Anti-Smoking Ads Aimed at LGBT Community

SAN FRANCISCO A new advertising campaign launched today in California focuses on helping lesbians, gays, bisexuals and transgenders stop smoking.

The print ads, created by Better World Advertising in San Francisco, proclaim that tobacco-related lung cancer causes more deaths in the LGBT community than AIDS, drugs, breast cancer and gay-bashing combined.

The work features real people who have triumphed over adversity such as drug addiction, homelessness and prostitution, and are using that strength to quit smoking.

“For a whole host of reasons, the LGBT community has a much higher rate of smoking than the general population,” said BWA vice president David Windt. “In particular, gay adolescents start smoking as a form of rebellion. They have so few options to express themselves and the most obvious way to act out at this age is to smoke.”

In one of the black-and-white ads, copy declares, “I didn’t survive drugs and alcohol so I could die from lung cancer.” Accompanying the text is a photograph of a San Francisco woman named Selma, standing in a playground.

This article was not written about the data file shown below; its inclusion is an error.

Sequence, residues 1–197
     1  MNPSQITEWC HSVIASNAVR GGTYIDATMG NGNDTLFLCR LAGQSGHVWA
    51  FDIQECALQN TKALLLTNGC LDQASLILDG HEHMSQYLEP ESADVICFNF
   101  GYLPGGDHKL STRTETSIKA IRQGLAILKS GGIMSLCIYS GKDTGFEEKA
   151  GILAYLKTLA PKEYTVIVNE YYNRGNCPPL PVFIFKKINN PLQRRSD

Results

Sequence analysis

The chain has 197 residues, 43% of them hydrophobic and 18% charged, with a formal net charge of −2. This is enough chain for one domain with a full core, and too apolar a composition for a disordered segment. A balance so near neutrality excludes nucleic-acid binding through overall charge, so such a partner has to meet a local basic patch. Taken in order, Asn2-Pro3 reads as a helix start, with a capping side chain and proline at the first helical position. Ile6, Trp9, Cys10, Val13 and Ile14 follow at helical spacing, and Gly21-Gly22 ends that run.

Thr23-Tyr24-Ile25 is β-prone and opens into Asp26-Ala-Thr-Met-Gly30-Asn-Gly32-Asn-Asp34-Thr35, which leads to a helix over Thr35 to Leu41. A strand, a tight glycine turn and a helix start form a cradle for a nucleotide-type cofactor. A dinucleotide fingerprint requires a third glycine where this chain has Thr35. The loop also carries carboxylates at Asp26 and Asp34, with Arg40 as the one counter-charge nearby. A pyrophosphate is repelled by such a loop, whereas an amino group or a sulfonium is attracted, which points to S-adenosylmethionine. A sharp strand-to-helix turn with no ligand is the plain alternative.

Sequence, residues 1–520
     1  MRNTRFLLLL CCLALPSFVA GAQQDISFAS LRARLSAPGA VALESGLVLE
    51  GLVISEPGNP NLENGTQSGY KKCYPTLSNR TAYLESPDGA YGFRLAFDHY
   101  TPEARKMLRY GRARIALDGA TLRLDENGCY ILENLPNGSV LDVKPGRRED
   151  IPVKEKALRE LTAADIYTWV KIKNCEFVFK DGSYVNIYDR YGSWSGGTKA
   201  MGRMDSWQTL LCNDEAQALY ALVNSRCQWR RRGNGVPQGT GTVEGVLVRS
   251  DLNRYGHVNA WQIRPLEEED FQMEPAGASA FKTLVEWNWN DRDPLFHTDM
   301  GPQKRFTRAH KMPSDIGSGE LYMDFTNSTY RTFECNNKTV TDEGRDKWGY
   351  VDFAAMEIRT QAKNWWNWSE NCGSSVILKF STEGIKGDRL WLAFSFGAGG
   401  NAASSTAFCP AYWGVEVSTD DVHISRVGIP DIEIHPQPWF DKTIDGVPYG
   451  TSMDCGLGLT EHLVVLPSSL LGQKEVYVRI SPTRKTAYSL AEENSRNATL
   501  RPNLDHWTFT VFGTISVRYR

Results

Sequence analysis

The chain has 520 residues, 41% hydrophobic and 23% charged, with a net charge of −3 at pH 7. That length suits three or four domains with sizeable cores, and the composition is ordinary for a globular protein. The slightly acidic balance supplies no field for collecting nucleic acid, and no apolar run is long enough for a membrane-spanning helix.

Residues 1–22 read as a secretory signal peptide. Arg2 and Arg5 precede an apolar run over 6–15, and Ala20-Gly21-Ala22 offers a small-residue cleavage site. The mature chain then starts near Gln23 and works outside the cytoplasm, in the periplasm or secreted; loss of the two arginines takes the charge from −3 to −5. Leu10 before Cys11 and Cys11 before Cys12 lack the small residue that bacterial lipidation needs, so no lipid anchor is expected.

“The ad was photographed in the very playground where Selma first started smoking as a child,” said Windt. “These people are survivors.”

The campaign includes eight ads that will run for 11 to 12 months in regional gay publications including Bay Area Reporter, Point Newspaper and OutNow in Northern California and Frontiers and The Lesbian News in Southern California.

The campaign’s budget is $100,000, and the ads are sponsored by the Billy DeFrank Lesbian & Gay Community Center in San Jose, Calif., the Center Orange County and the American Legacy Foundation, a public health organization dedicated to smoking cessation. The foundation is funded by the Master Settlement Agreement of 1999, made between the tobacco industry and a coalition of state attorneys general nationwide.